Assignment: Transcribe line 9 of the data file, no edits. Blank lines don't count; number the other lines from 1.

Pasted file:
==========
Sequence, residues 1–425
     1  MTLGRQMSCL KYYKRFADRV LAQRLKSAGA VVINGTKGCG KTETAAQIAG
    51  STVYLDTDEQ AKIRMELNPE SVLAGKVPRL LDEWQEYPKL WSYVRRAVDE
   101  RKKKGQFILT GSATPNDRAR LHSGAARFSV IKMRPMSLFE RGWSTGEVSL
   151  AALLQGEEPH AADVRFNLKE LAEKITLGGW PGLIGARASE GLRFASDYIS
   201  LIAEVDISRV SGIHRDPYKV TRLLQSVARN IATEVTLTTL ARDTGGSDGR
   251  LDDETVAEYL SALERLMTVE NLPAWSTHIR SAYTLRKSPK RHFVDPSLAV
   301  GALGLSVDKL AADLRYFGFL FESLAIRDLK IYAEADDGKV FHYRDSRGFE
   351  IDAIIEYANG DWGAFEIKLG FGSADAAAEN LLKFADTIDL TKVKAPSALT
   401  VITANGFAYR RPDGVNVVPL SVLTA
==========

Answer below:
   351  IDAIIEYANG DWGAFEIKLG FGSADAAAEN LLKFADTIDL TKVKAPSALT